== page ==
The striking Bangladesh players ended their boycott and decided to return to the field next week after holding talks with the Bangladesh Cricket Board officials at Mirpur late on Wednesday.
‘The talk was successful, the BCB president and directors who were here they heard our demands and they assured us they will fulfil them at the quickest possible time,’ said national Test and Twenty20 captain Sakib al Hasan.
‘Based on that assurance our first-class players will start playing from Saturday and our national team players will start camp (for India tour) from Saturday,’ Sakib said.
Sakib said that the officials of the Cricketers Welfare Association of Bangladesh also agreed to organise an election at the earliest possible time to accommodate the representative of current players.
BCB president Nazmul Hasan said they agreed to fulfil at least nine demands of the players.
‘Among the 11 demands they made, the first demand is not in our hand [CWAB] and we told them that we will decide about the last demand [participation in more than two franchise leagues]. Apart from these two demands, we have agreed on all their nine demands,’ said Nazmul.
‘We wanted to cancel the third round of NCL. But the players said that they wanted to play and they wanted to reschedule the third round of play. So we have decided to start the third round from Saturday,’ he said.
Nazmul said they sent the two new demands of the players to the Board’s legal department.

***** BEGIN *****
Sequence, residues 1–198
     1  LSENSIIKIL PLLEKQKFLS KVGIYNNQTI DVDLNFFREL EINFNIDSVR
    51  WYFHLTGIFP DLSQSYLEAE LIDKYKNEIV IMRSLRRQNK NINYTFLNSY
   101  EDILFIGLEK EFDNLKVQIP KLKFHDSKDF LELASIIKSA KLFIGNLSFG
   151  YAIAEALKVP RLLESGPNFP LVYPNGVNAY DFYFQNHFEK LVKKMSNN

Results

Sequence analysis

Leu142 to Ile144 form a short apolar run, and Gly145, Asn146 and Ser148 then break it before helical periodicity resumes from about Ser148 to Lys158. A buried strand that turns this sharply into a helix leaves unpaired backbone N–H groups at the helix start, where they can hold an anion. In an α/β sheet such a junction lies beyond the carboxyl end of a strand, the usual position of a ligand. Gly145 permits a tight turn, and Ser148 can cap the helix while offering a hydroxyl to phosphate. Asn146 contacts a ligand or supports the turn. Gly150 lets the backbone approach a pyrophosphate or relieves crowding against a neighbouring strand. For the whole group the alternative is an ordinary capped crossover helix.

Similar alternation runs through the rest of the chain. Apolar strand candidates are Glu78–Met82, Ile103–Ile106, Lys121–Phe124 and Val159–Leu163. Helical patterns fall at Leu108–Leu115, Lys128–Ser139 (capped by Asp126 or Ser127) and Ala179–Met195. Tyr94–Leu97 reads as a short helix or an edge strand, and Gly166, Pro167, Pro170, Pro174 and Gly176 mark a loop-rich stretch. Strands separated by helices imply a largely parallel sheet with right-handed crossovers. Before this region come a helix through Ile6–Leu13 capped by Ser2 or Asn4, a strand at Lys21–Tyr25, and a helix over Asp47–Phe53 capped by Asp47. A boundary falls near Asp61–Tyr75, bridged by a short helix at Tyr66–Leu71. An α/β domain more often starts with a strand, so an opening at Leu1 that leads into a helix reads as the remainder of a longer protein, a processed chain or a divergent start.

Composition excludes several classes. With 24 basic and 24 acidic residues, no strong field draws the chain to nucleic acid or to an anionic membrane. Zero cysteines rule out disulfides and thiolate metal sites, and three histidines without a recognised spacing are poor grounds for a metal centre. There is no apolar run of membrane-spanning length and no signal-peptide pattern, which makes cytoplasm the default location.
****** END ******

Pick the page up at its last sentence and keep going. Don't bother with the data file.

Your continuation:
‘We haven’t made any decision about the last two demands. When we saw that a legal advisor is involved in the case, we referred the matter to our legal advisor,’ he said.
Supreme Court lawyer Mustafizur Rahman Khan earlier in the evening read out a list of 13 demands on behalf of the players at a news conference, which included two fresh demands – a share of BCB revenue and better wages for women players.
‘One player sacrifices his academic career at the age of 16 to 17 years. He skips his studies and starts playing cricket,’ Rahman said.
‘I have spoken with many cricketers and these are very intelligent boys and girls. If they started studying, they have the potential to study at BUET, IBA. You can see BCS officer from them. They risk their life to play cricket,’ he added.
Rahman claimed that the players were fighting not only for their own benefit but for a change in system that would help every stakeholder.
‘A total of 16 groundsmen have resigned in the last one month for not earning much. When it is difficult to get a job in Bangladesh, these groundsmen are quitting their jobs,’ he said.
Rahman pointed out that Bangladesh’s new spin bowling coach Daniel Vettori would get a daily wage of $3500 for working each day, which is much higher than the wage of the local coaches.
Rahman also highlighted the discrimination that the players suffer during a tour as they get $50 as daily allowance when the touring BCB directors take $500 for each day.
Members of Bangladesh national cricket team and dozens of first-class cricketers earlier on Monday announced boycott of all national and international cricket unless their 11-point demand was met.
The demands include respect from the Bangladesh Cricket Board members, restoration of the previous pay structure in Dhaka Premier League, a promise for returning to franchise-based Bangladesh Premier League from the next season, at least Tk 1 lakh match fees for the National Cricket League, at least 30 players in national payroll and 50 per cent rise in the salary of first-class players.
The strike comes just weeks before Bangladesh is due to play three Twenty20 internationals and two Tests in India next month.
BCB president Nazmul Hasan on Tuesday sensed a conspiracy behind players’ move and added that one or two players could be involved.
Before holding talks with players, Nazmul and BCB director Naimur Rahman met prime minister Sheikh Hasina at her official residence in Ganabhaban on Wednesday.
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